Flying Sara

Alyna is one of the undergraduates who have brought life to the new Naryn campus of the University of Central Asia. (Eventually, the university will span three countries with campuses in the Kyrgyz Republic, Tajikistan, and Kazakhstan.) Like her peers, she got there through a competitive, merit-based, and needs-blind admissions process.

All qualified students are accepted; none are denied admission for financial reasons. The students come from cities and communities across the Kyrgyz Republic, Tajikistan, Kazakhstan, Pakistan, Afghanistan, Iran, and Syria. Of the first 71 students, nearly 40% are women. Ultimately, the campus at Naryn, when at capacity, will accommodate 1,200 students

Alyna is a second-year student from Pakistan, and leads the campus tour for prospective students. She shows visitors the elements of student life from her own perspective, and the spectacular setting that surrounds the campus: the snow-capped mountains rising up outside every window.


“This lab provided me an opportunity to think critically rather than follow what I was being told.”

The science lab is one of her favorites. She explains how “this lab provided me an opportunity to think critically rather than follow what I was being told.” She shares one of her own recent experiments.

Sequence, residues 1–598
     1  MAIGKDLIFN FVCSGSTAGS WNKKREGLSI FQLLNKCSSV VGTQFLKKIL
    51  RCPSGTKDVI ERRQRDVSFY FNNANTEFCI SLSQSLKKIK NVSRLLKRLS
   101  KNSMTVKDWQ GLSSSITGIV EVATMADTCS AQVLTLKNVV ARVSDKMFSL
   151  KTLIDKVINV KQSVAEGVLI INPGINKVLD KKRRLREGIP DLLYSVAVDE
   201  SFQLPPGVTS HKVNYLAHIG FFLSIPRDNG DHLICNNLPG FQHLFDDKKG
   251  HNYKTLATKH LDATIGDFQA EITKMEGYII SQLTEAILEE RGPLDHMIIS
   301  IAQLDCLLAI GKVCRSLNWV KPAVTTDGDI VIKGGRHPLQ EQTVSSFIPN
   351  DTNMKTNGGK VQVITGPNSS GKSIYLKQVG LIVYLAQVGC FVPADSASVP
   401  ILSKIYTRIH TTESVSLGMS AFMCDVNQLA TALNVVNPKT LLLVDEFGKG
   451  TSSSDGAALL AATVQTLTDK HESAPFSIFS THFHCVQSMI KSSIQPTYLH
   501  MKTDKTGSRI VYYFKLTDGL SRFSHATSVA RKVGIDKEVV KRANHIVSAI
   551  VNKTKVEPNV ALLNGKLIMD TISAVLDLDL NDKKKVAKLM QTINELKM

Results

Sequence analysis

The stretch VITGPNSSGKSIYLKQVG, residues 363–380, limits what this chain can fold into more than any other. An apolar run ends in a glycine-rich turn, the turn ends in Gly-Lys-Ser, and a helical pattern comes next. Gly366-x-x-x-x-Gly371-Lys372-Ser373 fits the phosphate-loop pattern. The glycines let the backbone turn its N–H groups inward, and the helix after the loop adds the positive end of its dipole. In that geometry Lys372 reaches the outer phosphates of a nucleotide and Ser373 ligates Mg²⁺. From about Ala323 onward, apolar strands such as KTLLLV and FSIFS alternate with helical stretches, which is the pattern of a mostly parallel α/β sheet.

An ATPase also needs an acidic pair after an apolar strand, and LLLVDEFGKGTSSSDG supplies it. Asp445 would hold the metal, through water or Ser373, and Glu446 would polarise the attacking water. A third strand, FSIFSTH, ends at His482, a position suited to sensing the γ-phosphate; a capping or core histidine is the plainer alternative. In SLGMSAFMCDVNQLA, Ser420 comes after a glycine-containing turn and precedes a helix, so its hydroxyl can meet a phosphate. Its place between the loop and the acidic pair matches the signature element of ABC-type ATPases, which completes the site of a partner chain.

“We had to make a hot-air balloon, which works on the principle that you need to get the temperature of the air inside the balloon hot enough so that the balloon will rise.” The experiments are not always easy. “We all failed doing that,” she adds with a laugh. With other exercises, the teacher provides no specifications. You choose the materials, test your assumptions, and learn.

Along with science, art and music are topics that students are encouraged to explore. Looking at an artwork of a large felt egg in a nest of found wood, Alyna explains the piece evokes an eagle’s nest. In Pamir stories, the eagle is an exemplary parent, nurturing its young to prepare them to take to their wings as soon as they can.

The students are young eagles finding their wings. When they take flight, they will take the values of inquiry and inclusion with them.